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Title: Paired comparison study to determine the impact of rotated neck/trunk posture combined with vibration exposure on seated comfort
Authors: Bélanger, Josée
Keywords: Whole-body vibration;posture;rotated posture;discomfort;ISO 2631-1
Issue Date: 5-May-2021
Abstract: Literature shows that whole-body vibration (WBV) has been linked to low-back pain (LBP), but also that exposure to WBV while in non-neutral postures can further increase the risk of LBP (Bovenzi et al., 2002; T. Eger et al., 2008). Operating cranes, agricultural tractors, underground mining vehicles and some construction equipment can expose a worker to WBV and non-neutral postures (T. Eger et al., 2008; Kittusamy & Buchholz, 2004; Newell & Mansfield, 2008; Wikström, 1993). This study aims to determine if discomfort is greater due to WBV alone, axial rotation alone or WBV and axial rotation combined. It also aims to determine if the degree or type of rotation (neck vs trunk) causes more discomfort when WBV is present. Ten participants (5 male and 5 female, 21.1±0.57 years, 169.2±9.5 cm and 74.9±11.8 kg) participated in a single elimination tournament of 16 postures with varying axial rotations of the neck and trunk both with and without WBV, to identify the most uncomfortable condition. They also rated the discomfort of each condition on a scale of 1-9. Results of the head-to-head tournament indicated, six participants selected the max neck and max trunk rotation posture as most uncomfortable (4 with WBV and 2 without). While two participants selected the 15° neck and max trunk rotation without WBV, and two participants selected the max neck 0° trunk with WBV. Similarly, the average discomfort scores were highest for the max neck and max trunk rotations with WBV and slightly lower without WBV. These results indicate a trend of increased discomfort when axial rotation and WBV are both present. They also seem to indicate that discomfort continuously increases as the angle of rotation increases and that any maximum rotation leads to more discomfort than a combination of neck and trunk rotations. Future, machine designs should focus on eliminating both factors.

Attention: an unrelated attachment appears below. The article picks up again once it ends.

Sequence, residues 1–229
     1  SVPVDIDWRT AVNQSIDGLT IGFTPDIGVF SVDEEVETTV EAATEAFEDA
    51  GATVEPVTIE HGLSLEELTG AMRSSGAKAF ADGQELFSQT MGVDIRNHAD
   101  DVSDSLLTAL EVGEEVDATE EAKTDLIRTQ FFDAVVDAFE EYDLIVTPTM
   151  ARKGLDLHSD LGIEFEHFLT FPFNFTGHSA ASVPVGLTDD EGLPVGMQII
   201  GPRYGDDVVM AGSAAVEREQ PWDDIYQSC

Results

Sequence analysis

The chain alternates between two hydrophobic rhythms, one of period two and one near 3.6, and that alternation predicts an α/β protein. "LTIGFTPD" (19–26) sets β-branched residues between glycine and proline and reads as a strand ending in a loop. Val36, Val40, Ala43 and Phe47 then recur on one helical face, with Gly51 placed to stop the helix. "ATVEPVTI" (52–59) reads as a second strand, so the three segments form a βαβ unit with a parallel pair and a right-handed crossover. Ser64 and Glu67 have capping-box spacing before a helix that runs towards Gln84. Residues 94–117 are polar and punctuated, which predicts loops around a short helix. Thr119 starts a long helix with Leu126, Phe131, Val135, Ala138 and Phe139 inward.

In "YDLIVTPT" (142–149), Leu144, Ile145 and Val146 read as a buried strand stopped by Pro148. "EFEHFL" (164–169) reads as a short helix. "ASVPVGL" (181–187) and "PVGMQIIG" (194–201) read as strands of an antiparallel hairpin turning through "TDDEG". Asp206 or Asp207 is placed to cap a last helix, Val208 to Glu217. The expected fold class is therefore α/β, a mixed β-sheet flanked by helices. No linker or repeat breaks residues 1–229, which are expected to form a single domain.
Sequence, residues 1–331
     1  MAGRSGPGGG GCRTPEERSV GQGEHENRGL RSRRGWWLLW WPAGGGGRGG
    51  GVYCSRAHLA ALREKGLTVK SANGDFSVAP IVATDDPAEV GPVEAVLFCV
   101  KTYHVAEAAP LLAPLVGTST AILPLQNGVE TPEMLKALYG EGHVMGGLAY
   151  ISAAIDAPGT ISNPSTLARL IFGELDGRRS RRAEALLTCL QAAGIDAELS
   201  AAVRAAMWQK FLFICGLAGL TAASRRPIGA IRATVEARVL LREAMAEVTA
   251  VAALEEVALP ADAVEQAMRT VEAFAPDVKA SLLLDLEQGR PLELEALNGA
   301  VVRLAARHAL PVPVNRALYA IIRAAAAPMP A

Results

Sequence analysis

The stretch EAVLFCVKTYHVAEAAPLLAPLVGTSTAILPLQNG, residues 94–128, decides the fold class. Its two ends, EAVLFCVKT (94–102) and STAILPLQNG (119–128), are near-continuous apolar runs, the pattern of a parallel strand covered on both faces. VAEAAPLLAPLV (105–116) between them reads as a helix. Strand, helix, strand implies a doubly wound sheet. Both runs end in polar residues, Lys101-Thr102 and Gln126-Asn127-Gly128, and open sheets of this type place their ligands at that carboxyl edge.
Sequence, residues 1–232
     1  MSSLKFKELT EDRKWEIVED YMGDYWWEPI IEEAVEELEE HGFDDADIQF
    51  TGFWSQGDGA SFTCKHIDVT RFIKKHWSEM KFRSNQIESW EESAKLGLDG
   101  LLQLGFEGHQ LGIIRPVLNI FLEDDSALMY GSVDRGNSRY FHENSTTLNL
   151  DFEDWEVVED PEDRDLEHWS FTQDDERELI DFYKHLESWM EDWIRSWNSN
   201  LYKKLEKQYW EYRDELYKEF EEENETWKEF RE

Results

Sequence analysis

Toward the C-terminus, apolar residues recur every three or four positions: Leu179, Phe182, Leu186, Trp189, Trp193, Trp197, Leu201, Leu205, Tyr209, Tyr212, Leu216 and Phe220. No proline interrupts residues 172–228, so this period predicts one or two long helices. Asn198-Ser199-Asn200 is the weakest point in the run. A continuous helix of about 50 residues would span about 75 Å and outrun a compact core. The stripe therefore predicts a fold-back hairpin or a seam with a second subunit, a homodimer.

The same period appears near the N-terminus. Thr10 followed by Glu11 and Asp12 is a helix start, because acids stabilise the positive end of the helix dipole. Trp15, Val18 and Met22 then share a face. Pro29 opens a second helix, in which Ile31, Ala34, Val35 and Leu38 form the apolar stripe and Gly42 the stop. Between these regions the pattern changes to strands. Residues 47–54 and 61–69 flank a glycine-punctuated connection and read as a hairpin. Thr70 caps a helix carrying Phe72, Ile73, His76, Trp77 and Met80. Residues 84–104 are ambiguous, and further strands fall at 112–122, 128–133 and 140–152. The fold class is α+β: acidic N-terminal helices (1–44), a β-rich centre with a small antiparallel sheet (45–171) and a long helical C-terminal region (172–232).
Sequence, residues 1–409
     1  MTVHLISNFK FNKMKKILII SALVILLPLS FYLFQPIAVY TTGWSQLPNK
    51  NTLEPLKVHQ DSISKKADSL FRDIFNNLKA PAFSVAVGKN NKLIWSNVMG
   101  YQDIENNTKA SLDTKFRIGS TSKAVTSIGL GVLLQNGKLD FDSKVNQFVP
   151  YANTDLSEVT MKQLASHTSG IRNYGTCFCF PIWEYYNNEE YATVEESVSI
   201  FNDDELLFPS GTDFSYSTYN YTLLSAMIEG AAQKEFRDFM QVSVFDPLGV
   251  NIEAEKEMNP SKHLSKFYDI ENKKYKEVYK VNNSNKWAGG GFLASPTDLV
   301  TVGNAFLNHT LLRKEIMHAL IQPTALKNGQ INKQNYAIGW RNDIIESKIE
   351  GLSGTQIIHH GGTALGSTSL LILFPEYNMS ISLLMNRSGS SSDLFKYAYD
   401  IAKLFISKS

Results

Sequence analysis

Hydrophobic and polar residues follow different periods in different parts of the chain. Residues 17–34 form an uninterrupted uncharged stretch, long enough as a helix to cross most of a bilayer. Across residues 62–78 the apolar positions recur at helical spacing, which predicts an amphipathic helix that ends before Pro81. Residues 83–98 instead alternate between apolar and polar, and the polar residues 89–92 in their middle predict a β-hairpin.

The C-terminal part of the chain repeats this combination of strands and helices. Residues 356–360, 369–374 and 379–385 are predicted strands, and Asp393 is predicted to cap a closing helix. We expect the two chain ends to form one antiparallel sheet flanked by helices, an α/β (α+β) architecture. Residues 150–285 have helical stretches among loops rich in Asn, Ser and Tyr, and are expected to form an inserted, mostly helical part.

Appears in Collections:Human Kinetics - Master's Major Papers

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